Die Londoner Bank Tubal & Co steckt in den groten Schwierigkeiten ihrer 300-jahrigen Geschichte. Denn Sohn Julian hat das familieneigene Geldhaus durch riskante Spekulationen ruiniert. Doch das muss er zunachst vor seinem greisen Vater - und dem Rest der Welt - geheim halten, um den Verkauf an einen Investor nicht zu gefahrden. Zu dumm, dass ihm dabei auch noch ein abgerissener Theatermacher in Cornwall, eine schuchterne Provinzjournalistin und, gewissermaen, sogar Daniel Day Lewis in die Quere kommen ... Whitbread-Preistrager Justin Cartright zeichnet ein brillantes, komisches und dabei absolut realistisches Sittenbild unserer Zeit.
Charles Judd meanders round his local Cornish beach, contemplating the turns his life has taken. His wife Daphne struggles hopelessly with the latest fish recipe, trying to keep something in her life under control. Two of their children are keeping it all together - just. But they are all still recovering from the shock of the prodigal daughter, Juliet, being imprisoned in New York State for her part in an art theft. Since then, Charles appears to have lost his entire family. Now Juliet is being released, the family is about to be reunited and the wounds her imprisonment has caused are being re-opened.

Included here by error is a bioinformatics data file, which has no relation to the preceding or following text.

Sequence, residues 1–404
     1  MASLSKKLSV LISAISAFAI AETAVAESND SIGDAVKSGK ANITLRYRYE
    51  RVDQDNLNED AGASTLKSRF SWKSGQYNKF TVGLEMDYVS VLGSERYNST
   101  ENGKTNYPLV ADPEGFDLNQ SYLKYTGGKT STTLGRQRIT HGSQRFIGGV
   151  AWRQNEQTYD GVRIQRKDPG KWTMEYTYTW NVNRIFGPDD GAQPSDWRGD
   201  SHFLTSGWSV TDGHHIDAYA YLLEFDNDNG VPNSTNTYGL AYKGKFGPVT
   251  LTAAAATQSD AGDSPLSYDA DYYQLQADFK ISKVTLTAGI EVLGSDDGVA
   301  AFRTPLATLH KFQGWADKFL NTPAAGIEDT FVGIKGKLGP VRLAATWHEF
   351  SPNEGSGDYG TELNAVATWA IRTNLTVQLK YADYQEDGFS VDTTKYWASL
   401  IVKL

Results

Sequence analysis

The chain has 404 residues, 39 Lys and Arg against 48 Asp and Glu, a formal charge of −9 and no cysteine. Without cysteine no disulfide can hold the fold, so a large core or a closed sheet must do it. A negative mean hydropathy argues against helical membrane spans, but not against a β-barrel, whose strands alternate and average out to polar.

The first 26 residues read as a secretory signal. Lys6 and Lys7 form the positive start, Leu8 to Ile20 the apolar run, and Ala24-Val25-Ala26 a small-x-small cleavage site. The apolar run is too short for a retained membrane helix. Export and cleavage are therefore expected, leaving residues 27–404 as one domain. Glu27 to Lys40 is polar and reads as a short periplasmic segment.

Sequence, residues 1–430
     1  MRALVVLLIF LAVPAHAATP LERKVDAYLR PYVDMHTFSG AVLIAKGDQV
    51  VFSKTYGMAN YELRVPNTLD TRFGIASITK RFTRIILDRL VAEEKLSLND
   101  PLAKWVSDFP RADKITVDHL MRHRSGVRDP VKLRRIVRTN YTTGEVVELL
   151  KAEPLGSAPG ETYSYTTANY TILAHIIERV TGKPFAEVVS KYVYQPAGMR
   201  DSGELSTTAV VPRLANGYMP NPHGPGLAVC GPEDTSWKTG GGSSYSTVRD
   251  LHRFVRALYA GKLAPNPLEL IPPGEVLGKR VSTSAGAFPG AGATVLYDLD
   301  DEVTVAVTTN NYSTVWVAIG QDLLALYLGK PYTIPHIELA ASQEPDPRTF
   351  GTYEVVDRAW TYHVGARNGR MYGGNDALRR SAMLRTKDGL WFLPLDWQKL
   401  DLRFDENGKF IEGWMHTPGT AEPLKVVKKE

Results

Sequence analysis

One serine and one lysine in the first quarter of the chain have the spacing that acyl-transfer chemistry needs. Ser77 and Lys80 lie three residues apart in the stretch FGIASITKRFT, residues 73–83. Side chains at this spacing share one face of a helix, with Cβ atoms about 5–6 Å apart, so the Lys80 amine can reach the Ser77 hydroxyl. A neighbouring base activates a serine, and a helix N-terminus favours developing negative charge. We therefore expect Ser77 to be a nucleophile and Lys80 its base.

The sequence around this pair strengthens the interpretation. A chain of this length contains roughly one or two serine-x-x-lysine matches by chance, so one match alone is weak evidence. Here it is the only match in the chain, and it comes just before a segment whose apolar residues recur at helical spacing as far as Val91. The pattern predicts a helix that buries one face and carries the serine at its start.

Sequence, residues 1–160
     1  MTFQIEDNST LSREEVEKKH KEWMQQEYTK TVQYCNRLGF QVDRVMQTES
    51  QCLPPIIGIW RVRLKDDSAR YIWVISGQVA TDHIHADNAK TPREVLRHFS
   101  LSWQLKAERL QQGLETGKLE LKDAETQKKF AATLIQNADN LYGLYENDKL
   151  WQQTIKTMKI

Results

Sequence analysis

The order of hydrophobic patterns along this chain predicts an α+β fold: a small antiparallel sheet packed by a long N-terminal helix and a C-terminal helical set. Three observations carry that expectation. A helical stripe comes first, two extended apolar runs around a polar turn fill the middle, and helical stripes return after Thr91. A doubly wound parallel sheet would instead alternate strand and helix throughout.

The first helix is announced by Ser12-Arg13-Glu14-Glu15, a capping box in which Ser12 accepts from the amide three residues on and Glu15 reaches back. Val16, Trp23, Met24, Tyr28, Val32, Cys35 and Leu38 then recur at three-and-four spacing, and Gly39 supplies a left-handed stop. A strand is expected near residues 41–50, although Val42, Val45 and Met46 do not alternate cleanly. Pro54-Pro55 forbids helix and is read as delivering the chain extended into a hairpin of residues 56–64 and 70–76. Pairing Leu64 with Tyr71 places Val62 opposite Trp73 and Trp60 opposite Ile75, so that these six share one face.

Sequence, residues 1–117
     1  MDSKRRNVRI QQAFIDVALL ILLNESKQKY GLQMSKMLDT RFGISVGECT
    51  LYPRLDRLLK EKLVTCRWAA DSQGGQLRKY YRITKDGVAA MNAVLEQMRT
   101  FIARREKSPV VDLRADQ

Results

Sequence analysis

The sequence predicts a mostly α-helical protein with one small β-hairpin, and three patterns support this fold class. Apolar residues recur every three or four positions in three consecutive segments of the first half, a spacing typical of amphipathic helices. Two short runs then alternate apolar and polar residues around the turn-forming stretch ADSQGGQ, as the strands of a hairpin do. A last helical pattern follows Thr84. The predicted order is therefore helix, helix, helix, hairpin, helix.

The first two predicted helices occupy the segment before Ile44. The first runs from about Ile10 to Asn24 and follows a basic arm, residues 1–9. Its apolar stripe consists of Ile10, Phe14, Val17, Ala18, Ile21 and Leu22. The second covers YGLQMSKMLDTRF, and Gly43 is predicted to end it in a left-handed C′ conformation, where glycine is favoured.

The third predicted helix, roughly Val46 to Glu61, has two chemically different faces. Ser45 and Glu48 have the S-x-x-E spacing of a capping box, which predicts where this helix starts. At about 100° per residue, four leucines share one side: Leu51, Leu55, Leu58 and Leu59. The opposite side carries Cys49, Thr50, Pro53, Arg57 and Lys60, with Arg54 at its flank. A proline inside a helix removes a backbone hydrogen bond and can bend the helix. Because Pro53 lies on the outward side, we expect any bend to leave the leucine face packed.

David Cross is surrounded by secrets. When his wife Nancy was alive he kept secrets from her and now that she is dead, he must hide his new happiness from his children, Lucy and Ed. But they too have their troubles: Ed's marriage is in trouble, Lucy is being stalked by her ex-boyfriend, and both worry that their father will find a new partner. To Heaven by Water is a touching and hilarious portrait of a family trying to come to terms with loss in their own way.